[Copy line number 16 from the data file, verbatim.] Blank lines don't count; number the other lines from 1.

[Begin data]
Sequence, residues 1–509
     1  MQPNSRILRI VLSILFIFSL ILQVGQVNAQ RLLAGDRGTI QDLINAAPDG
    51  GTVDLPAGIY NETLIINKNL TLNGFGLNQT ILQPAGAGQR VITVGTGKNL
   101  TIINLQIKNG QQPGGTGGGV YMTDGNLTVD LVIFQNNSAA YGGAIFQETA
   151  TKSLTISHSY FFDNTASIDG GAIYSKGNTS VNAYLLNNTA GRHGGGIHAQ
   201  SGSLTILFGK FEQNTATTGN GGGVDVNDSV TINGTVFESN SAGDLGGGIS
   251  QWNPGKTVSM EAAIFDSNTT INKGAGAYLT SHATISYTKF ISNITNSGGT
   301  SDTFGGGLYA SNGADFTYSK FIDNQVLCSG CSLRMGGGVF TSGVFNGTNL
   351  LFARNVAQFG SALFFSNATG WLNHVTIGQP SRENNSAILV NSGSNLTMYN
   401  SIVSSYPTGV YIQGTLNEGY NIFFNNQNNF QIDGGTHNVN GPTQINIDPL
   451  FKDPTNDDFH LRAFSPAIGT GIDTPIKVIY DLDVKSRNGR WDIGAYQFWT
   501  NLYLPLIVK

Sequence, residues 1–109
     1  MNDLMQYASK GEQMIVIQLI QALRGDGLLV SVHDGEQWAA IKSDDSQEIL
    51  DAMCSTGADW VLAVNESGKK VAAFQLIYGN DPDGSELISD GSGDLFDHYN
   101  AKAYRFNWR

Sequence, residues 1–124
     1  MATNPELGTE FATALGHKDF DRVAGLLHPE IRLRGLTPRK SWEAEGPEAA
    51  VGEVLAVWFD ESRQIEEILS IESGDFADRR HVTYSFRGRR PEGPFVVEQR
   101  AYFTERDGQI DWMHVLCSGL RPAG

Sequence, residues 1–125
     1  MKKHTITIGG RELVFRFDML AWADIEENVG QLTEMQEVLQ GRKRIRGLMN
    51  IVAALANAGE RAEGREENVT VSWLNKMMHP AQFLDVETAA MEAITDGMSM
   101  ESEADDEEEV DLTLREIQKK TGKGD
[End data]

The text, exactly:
   101  AKAYRFNWR